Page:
The advantage of having a Gap Cover is being insured against some of the additional costs that could be incurred with an in-hospital procedure, in that it will help lessen, or cover, the shortfall between the rates paid by your Medical Scheme and the actual charges by the hospital or specialist. But it is also a case of ‘buyer beware’.

You should never assume that all costs will be covered as the payment options depend on the product you have taken out which is subject to limits and exclusions. The onus is on the policyholder to check what is covered, what is excluded and how much will be paid.

However, consumers have not always been safeguarded against being, at best confused and at worst taken for a ride when purchasing ‘medical insurance,’ which includes hospital insurance and Gap Cover. The issue is that these medical insurance products are doing ‘the business of a medical scheme’ but often fail to meet their legal requirements. This is the reason Demarcation Regulations were introduced.

You also need to remember that Gap Cover is an insurance product and the companies that sell them are ‘for profit’ organisations, unlike medical aid which is are not for profit. This also means that your contributions are not tax deductible.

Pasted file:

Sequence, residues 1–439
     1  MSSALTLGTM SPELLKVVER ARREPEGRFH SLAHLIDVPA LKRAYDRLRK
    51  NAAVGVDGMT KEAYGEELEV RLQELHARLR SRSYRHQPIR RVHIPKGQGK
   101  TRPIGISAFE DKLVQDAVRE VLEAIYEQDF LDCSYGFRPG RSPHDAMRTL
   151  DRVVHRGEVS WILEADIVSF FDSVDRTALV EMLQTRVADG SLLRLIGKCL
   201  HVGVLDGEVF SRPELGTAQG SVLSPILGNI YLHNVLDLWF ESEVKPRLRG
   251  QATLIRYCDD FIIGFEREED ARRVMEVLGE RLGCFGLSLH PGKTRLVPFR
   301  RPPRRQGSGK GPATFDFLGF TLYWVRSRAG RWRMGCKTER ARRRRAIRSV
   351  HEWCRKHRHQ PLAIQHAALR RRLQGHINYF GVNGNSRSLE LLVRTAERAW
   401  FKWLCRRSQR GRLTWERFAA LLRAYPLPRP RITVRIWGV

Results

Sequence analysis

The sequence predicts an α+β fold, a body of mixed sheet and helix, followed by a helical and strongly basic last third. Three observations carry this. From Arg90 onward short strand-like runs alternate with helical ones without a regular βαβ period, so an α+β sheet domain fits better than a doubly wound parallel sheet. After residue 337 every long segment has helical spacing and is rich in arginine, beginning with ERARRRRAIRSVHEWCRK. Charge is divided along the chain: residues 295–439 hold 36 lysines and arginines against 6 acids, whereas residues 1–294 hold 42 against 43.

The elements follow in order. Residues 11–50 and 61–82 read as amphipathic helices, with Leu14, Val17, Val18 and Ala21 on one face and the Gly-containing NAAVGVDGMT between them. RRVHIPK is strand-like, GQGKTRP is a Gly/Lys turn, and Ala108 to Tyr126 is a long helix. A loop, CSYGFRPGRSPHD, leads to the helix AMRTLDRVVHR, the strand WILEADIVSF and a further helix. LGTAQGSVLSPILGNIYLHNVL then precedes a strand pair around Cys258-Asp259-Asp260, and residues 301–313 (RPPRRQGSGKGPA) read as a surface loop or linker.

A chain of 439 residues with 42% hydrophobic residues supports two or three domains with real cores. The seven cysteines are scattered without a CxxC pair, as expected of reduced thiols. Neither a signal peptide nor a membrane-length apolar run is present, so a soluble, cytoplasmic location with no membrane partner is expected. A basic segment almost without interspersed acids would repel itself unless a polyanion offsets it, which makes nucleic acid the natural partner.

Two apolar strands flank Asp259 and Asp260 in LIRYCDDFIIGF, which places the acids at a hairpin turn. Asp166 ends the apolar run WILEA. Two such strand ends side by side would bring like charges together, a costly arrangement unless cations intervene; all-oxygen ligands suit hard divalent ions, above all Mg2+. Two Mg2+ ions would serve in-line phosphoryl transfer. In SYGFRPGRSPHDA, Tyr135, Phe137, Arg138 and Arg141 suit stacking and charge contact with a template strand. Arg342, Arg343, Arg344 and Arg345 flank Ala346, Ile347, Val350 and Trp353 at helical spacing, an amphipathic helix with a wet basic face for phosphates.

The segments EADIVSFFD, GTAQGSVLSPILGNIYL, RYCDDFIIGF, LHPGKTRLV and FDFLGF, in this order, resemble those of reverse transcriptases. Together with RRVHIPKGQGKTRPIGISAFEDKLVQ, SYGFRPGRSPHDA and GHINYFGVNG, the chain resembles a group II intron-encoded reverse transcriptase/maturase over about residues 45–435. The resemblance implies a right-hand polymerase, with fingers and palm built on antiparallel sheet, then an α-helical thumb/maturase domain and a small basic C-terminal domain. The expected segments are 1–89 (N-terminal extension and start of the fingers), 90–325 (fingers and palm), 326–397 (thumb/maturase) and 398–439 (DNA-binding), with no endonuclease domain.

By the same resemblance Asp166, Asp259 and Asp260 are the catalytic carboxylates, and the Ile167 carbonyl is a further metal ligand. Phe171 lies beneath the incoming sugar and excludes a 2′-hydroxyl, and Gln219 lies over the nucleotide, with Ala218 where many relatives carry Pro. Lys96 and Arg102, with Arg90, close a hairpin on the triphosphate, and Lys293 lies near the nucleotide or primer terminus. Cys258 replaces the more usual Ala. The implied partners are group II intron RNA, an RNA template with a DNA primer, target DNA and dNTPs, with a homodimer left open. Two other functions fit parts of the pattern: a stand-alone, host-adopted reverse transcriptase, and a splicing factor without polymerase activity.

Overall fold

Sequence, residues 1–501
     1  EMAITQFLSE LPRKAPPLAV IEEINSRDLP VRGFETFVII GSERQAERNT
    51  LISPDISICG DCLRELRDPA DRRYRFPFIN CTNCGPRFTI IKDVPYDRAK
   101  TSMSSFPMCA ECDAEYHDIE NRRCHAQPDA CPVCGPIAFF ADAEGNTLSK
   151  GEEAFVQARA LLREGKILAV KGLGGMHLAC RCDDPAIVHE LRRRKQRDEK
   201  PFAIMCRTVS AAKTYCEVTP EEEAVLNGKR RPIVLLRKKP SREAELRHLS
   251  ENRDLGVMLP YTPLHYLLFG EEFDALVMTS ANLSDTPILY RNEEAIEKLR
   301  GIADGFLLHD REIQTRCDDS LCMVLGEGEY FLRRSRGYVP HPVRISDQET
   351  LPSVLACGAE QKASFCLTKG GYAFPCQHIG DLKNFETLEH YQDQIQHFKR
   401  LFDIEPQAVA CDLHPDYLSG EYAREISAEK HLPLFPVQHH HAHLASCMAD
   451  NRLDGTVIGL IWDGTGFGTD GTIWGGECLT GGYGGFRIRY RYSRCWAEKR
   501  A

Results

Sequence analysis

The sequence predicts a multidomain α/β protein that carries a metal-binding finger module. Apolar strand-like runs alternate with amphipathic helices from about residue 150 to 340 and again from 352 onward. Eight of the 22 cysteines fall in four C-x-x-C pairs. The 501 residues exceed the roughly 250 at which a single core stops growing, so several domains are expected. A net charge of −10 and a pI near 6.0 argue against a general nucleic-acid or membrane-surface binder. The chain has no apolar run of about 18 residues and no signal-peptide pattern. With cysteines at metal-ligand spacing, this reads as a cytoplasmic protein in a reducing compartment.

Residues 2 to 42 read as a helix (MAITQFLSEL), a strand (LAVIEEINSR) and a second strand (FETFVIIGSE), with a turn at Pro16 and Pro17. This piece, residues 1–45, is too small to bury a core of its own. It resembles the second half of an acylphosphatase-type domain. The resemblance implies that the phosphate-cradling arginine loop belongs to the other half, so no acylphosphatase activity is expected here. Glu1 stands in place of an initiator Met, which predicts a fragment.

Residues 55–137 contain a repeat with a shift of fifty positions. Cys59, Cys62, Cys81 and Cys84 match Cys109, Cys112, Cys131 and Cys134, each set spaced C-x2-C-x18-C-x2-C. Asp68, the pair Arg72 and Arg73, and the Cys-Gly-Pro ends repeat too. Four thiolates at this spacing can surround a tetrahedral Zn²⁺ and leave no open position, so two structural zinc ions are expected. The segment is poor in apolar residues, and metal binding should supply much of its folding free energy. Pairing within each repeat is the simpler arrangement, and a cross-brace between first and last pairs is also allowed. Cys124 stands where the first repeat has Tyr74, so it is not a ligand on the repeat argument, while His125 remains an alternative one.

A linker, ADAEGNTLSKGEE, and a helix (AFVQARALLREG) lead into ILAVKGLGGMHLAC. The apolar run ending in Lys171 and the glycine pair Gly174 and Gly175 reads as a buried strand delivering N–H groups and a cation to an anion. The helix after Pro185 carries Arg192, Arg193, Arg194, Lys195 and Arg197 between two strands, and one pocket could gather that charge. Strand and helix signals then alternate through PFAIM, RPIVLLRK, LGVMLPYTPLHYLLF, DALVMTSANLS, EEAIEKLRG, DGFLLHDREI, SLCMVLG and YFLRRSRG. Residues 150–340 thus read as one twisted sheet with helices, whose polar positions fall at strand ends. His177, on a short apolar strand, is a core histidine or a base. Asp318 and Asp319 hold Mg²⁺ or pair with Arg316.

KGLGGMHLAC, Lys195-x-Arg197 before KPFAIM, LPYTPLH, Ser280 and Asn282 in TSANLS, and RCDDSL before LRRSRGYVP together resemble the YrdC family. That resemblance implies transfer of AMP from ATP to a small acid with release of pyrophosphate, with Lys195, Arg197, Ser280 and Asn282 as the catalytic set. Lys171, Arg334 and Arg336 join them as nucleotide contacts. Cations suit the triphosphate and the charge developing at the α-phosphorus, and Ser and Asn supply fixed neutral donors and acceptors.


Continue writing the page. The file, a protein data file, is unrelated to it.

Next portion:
Who should take Gap Cover?

It is only available to someone who has a medical aid plan. Taking out Gap Cover is an individual choice based on a range of factors, centred on personal need and the benefits of the medical aid plan you are currently on. For example, Bonitas pays for maternity benefits from risk, including up to 12 consultations while pregnant. If you use a gynaecologist on our network then the chances of incurring a co-payment are minimal.

It must be noted that the maximum age for gap cover is 60 and that waiting periods, limits and exclusions do apply so it is by no means a cure-all solution to avoid co-payments.

The way forward

Some health insurance companies sell primary healthcare policies which offer limited day-to-day limited cover and hospital cover. This is not to be confused with Gap Cover. They are often even more misunderstood or misused as they are billed as being equivalent to medical aid, which is definitely not the case. The Department of Health is looking to outlaw these policies. It is envisaged that once completed, all primary care products operating under insurance companies will migrate into the low cost benefit option framework within medical schemes.

According to the new Demarcation Regulations, any product related to the selling of healthcare products will be subject to CMS regulations. For this reason, the Department of Health is looking at ways of creating affordable healthcare for all South Africans including the development of Low Cost Benefit Options (LCBO) within the next two years. Medical schemes are also creating more affordable plans for low income earners. It is recommended that consumers shop around for the best plan that covers their healthcare needs and their finances.

There has been a growth in health insurance products over the past few years, mostly taken up by low-income earners which means there is a ‘gap’ in the market for low cost plans which cover both hospital and primary health care claims.